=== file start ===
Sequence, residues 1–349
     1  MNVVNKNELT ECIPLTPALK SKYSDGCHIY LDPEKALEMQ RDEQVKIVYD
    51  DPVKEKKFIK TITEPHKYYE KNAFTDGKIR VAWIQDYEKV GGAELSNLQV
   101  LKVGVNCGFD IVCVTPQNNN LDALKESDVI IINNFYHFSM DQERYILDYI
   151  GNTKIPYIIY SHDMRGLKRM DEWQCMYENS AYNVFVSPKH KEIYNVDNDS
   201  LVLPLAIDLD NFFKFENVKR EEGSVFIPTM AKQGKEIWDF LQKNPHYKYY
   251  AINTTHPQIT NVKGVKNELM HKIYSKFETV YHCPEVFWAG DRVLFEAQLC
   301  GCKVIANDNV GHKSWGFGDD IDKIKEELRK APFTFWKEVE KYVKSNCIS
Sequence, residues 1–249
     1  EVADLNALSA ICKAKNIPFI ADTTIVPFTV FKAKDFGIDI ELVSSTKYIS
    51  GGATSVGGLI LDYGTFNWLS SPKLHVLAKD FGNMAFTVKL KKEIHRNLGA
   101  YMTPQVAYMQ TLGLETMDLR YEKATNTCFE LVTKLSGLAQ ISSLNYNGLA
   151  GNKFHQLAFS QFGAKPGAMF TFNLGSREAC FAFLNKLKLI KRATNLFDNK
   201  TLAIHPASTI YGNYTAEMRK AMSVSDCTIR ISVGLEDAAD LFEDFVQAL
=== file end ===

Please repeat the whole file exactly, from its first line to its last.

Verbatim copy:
Sequence, residues 1–349
     1  MNVVNKNELT ECIPLTPALK SKYSDGCHIY LDPEKALEMQ RDEQVKIVYD
    51  DPVKEKKFIK TITEPHKYYE KNAFTDGKIR VAWIQDYEKV GGAELSNLQV
   101  LKVGVNCGFD IVCVTPQNNN LDALKESDVI IINNFYHFSM DQERYILDYI
   151  GNTKIPYIIY SHDMRGLKRM DEWQCMYENS AYNVFVSPKH KEIYNVDNDS
   201  LVLPLAIDLD NFFKFENVKR EEGSVFIPTM AKQGKEIWDF LQKNPHYKYY
   251  AINTTHPQIT NVKGVKNELM HKIYSKFETV YHCPEVFWAG DRVLFEAQLC
   301  GCKVIANDNV GHKSWGFGDD IDKIKEELRK APFTFWKEVE KYVKSNCIS
Sequence, residues 1–249
     1  EVADLNALSA ICKAKNIPFI ADTTIVPFTV FKAKDFGIDI ELVSSTKYIS
    51  GGATSVGGLI LDYGTFNWLS SPKLHVLAKD FGNMAFTVKL KKEIHRNLGA
   101  YMTPQVAYMQ TLGLETMDLR YEKATNTCFE LVTKLSGLAQ ISSLNYNGLA
   151  GNKFHQLAFS QFGAKPGAMF TFNLGSREAC FAFLNKLKLI KRATNLFDNK
   201  TLAIHPASTI YGNYTAEMRK AMSVSDCTIR ISVGLEDAAD LFEDFVQAL